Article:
I wish I could spend this Fourth of July on Bunker Hill.
I wish I could spend this Fourth of July on Bunker Hill. From there you can see Breed’s Hill where most of the fighting actually took place back in 1775. It was the first sustained, pitched battle of the American Revolution. We lost that day. But we didn’t run. A group of rag tag New England colonist stood up to the best equipped and most feared army in the world at that time and didn’t blink. When the day was over the British occupied both hills. But they lost almost one-third of their fighting men in the taking. And the young American soldiers didn’t slink away. They retreated like an organized fighting unit.
Both sides learned a valuable lesson that day.
I’ve gotten so caught up in the comfort of my own living these days that I don’t dwell much on how I got here. In my near sighted egotistical mind, I probably think I did it with my own power and might.
The Continental Army was officially three days old when the fight for Bunker Hill took place. Those Bunker Hill defenders hadn’t had time to be sworn in. They were fighting for the most basic things on earth; freedom, liberty, independence….the right to make their own way!
I’ve enjoyed those attributes of this great nation all my life. I’ve done piddling little to obtain them.
Maybe if I could stand on that hill on this Independence Day I could catch a glimpse of the spirit of those men. I wonder about the thoughts racing through their heads as they dug in. I wonder how each individual “defender” came to be on that hill on that particular day. I wonder about their age. (The minimum age to enlist in the Continental Army was 16; 15 with parental consent.) I wonder if they were as afraid as I would have been when the Red Coats formed up below. I wonder if they had any inkling of the nation they were laying the foundation for when they raised those muskets to their shoulders. I do not wonder about their courage.
When I was 16 years old I was playing American Legion Baseball and dating Billie Jean Barham.
I would love this Fourth of July to stand silently over in one corner of Independence Hall in Philadelphia. I believe I could hear the 2nd Continental Congress as they convened there on May, 10, 1775. All thirteen colonies were represented. The small battles of Lexington and Concord had taken place. It was time to make amends with the British……or fight. Can you imagine among John Adams, Thomas Jefferson, James Madison, John Hancock, Patrick Henry and Benjamin Franklin who listened to whom! It was about as impressive a list of founding fathers as any nation has ever put together under one roof.
And they didn’t do too badly in that room. They had the good sense to pick George Washington as the commanding General of the Army. An army, of course, which they didn’t exactly have at the moment. It was where the Declaration of Independence was born. “When in the course of human events…..” you talk about a great opening line. And how about, “We hold these truths to be self evident, that all men are created equal, that they are endowed by their Creator with certain unalienable Rights, that among these are life, liberty and the pursuit of happiness”. And after enumerating all the injustices heaped on them by King George and the Crown they closed brilliantly, “with a firm reliance on the protection of divine Providence, we mutually pledge to each other our Lives, our Fortunes and our sacred Honor.”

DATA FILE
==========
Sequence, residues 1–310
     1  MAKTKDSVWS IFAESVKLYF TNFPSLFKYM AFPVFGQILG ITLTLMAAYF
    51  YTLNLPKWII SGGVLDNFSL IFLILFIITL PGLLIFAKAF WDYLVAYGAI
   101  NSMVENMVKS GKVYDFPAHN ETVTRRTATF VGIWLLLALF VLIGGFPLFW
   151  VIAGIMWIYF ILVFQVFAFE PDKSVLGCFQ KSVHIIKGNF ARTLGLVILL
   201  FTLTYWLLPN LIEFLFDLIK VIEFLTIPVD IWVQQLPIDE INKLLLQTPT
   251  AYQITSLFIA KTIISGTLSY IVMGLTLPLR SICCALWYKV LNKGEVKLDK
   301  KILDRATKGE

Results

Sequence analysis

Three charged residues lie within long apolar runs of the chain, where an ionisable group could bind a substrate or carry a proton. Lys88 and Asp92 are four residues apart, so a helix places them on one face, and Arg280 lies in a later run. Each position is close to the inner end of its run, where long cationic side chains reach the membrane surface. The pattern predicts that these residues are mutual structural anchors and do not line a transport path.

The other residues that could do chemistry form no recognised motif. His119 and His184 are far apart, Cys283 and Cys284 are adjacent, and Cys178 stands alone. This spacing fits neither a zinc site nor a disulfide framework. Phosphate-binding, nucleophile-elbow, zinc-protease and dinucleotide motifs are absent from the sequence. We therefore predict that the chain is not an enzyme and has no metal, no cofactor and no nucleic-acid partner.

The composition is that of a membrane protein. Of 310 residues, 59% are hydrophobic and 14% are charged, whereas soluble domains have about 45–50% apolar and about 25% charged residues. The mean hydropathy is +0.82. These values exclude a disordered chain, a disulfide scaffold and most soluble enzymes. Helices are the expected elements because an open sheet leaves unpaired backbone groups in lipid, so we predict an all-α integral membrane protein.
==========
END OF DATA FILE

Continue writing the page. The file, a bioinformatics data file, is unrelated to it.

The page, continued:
Man, if I could write like that, I’d be a millionaire!
Ben Franklin, off the record, put it a little more succinctly, “If we don’t all hang together, we’ll all hang separately.”
If I had a time machine, I’d warp back to Valley Forge this Fourth of July. Of course, I couldn’t catch the essence of the place in July. The snow would be gone. It would be 90 degrees instead of 10 below freezing. You wouldn’t have to scrounge up fire wood. If wouldn’t matter that you had no shoes.
It’s hard to imagine hunger on a full belly.
The winter of 1777-78 was brutal. Cold descended on the little valley like you ain’t never seen! Disease ran rampant in the camps. Life was worse than miserable. You have to ask yourself, “What could possibly cause a band of men in such conditions to hang on like they did.” And you might even consider what you might have done under like circumstances. Or you might pause and utter up a prayer of thanks for them on this Independence Day.
History well records what those men did. They got up off the cold ground, wrapped some rags around their bleeding feet and marched out to meet the enemy. They fought like the fate of a nation rested in their hands.
I wish this Fourth of July I could transport back to the little town square of my youth in McKenzie, Tennessee. I stood beside my ram rod straight Father as the flag passed by and waited impatiently until I could move again. He had his hand over his heart and tears in his eyes. I just wanted the parade “to get over with” so I could get to the barbeque and baked beans.
Dad understood those men at Bunker Hill. And at Valley Forge. He’d seen the fire from the enemy. He’d stood in the gap for this nation. I would love to tell him, “I’ve got it now, Dad.”
It’s high time we all did!